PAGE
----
Introduction of Savvy, (Not Really) an Alternative to Extendr: Part 1


Hiroaki Yutani


September 17, 2023

For this half a year, I’ve been working on re-inventing the wheel of extendr. Now, I’m happy to announce it reached a usable state at last!🎉

But, wait, I’m not writing this blog post to advertise my framework, savvy. This is not really an alternative to extendr, but just an explanatory material about the current and possible mechanism of extendr. Since extendr is so feature-rich that I cannot figure out the whole picture, I seriously needed a simple one to experiment.

What’s “savvy”?

As you can guess from above, you can consider savvy as something like a degraded copy of extendr. It’s inconvenient and unfriendly. The name “savvy” comes from the fact that the pronunciation is similar to a Japanese word “錆,” which means “rust”. The name fits also because this is intended to be used by R-API-savvy people.

“Part 1”?

While I added “part 1” in the title of this post, I’m not sure if there will be part 2 and so on. But, there are at least three topics I wanted to experiment with savvy:

  1. Error handling
  2. External SEXP and owned SEXP
  3. No embedded usage

First one is already covered in the previous posts, so I have little to add. One small update is that savvy now has CLI to generate C and R code automatically. I might write about it in future.

Third one is a boring topic to the ordinary users, and I don’t find a solution to the inconvenience it brings yet. So let’s skip it for now. If you are interested, you can join the discussion.

So, let’s focus on the second topic today.

External SEXP and owned SEXP

The below functions are both identity function for a character vector.

extendr version

fn identity_string(x: Vec<String>) -> Vec<String> {

savvy version

fn identity_string(x: StringSxp) -> Result<SEXP> {
    let mut out = OwnedStringSxp::new(x.len());

    for (i, e) in x.iter().enumerate() {
        out.set_elt(i, e);


As you see, the savvy version is more redundant and esoteric. There are two types for wrapping a character vector in the code. The difference is:

  • StringSxp : a read-only SEXP wrapper for objects passed to the function from outside.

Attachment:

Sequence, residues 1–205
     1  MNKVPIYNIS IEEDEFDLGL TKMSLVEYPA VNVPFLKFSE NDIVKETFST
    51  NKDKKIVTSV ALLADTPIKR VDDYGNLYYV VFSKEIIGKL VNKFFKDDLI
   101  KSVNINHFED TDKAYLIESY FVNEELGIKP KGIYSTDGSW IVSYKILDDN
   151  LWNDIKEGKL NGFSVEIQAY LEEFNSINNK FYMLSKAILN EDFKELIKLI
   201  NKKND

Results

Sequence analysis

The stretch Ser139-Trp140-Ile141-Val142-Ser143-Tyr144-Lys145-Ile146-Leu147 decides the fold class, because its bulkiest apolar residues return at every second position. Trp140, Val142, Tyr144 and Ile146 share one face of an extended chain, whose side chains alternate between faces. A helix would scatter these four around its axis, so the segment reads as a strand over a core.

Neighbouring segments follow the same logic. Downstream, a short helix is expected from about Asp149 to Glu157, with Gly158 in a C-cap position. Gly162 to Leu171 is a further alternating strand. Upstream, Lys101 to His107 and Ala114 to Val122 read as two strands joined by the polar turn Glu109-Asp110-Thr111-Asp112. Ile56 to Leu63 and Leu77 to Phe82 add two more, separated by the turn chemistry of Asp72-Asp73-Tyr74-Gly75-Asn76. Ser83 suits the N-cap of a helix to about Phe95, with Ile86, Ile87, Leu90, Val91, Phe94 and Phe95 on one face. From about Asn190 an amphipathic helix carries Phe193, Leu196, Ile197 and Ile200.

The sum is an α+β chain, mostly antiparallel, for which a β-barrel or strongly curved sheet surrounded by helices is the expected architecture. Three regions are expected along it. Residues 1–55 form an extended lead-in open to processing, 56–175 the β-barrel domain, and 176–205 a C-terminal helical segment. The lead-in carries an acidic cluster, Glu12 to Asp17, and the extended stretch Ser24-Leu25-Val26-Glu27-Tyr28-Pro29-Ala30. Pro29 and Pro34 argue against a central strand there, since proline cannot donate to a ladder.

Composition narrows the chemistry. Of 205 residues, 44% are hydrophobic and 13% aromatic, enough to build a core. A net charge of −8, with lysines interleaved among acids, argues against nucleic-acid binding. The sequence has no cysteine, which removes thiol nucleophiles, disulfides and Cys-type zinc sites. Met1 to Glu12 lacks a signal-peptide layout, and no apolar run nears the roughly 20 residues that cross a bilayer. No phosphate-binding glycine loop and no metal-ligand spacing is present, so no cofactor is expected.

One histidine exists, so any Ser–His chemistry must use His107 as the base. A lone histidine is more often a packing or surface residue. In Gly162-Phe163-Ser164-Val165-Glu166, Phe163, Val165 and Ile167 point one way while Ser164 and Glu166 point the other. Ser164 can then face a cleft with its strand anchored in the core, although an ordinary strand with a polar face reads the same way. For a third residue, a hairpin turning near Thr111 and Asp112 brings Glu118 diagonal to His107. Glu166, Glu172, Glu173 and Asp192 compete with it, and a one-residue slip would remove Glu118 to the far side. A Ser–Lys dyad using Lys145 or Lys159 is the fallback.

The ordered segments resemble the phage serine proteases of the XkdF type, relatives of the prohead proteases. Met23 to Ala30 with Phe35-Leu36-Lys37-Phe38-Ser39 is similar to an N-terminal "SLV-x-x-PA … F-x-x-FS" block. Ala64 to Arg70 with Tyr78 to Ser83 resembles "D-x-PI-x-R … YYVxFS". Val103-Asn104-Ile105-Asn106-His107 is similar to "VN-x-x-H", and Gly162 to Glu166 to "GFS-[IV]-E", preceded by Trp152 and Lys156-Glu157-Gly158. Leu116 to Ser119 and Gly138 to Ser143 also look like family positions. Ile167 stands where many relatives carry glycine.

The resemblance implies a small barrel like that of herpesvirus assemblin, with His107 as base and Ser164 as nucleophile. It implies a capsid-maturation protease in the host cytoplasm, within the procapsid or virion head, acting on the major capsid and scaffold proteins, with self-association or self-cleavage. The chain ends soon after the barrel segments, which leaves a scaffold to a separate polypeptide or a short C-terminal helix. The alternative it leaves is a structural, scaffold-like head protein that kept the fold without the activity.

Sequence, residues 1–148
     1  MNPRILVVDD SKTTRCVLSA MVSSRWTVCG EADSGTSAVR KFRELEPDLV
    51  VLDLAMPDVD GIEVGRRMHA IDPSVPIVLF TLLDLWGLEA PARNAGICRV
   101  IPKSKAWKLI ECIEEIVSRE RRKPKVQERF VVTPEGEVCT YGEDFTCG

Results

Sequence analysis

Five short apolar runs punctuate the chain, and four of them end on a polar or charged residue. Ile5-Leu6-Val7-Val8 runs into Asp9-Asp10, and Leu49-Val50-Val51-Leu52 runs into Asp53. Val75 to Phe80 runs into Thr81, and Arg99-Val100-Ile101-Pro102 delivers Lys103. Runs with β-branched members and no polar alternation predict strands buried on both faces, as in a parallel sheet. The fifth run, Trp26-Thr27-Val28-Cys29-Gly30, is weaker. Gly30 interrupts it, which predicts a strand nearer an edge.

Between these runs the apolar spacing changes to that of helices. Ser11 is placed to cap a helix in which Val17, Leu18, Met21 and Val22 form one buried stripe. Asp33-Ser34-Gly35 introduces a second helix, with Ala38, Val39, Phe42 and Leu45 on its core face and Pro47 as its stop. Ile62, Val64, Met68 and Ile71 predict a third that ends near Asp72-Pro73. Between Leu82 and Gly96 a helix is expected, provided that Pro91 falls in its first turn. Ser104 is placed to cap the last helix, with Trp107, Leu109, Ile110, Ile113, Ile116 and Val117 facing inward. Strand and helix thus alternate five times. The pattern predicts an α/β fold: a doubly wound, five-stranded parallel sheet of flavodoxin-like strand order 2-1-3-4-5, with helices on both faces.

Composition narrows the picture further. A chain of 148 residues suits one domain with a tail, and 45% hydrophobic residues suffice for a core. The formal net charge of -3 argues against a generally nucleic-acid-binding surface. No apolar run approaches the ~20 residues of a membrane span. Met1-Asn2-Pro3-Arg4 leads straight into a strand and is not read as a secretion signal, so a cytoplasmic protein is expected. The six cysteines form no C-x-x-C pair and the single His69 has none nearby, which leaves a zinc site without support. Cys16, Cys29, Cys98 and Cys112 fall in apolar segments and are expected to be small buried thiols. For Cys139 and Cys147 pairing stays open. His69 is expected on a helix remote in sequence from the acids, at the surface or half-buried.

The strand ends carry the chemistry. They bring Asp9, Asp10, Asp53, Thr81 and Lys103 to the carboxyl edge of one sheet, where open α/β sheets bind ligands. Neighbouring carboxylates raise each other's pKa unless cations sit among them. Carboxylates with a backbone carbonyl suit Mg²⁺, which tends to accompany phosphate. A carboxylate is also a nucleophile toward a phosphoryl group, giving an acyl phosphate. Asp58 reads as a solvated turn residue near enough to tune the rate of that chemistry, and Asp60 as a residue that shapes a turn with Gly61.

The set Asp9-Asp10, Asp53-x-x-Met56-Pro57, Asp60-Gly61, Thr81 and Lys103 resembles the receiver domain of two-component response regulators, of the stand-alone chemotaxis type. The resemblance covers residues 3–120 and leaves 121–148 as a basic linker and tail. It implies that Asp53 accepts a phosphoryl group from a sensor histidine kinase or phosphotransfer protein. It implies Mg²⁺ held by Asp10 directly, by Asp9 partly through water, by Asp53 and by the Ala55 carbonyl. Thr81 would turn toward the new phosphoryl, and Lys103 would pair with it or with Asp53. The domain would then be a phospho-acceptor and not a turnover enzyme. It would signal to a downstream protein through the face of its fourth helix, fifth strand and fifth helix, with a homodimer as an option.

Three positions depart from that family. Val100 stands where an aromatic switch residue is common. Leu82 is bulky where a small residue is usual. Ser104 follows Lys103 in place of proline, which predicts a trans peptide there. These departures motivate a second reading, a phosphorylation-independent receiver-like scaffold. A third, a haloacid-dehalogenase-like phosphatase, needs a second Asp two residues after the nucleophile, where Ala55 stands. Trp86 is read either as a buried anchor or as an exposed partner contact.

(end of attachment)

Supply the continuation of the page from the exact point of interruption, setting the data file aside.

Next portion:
• OwnedStringSxp a writable SEXP wrapper for objects created on Rust’s side.

But, why do they need separate types? I have two main reasons. Let me explain one by one.

Reason 1: Avoid unnecessary protection

I explained the basic concept of R’s protection mechanism in R, Rust, Protect, And Unwinding. So, if you are not familiar with these, it might be better to read it first.

Yeah, protection is important. But, we don’t need to protect what’s already protected. Actually, WRE says:

For functions from packages as well as R to safely co-operate in protecting objects, certain rules have to be followed:

  • Caller protection. It is the responsibility of the caller that all arguments passed to a function are protected and will stay protected for the whole execution of the callee. (…snip…)

  • Protecting return values. Any R objects returned from a function are unprotected (the callee must maintain pointer-protection balance), and hence should be protected immediately by the caller. (…snip…)


So, this means,

  • R objects passed from the caller should be already protected because it’s the caller’s responsibility. Actually, if the input comes from the R session, the R objects are what belongs to some environment (e.g., global environment), which manes it never gets GCed accidentally.

  • On the other hand, R objects returned from R API functions like Rf_allocVector() are unprotected. It’s us who have to protect.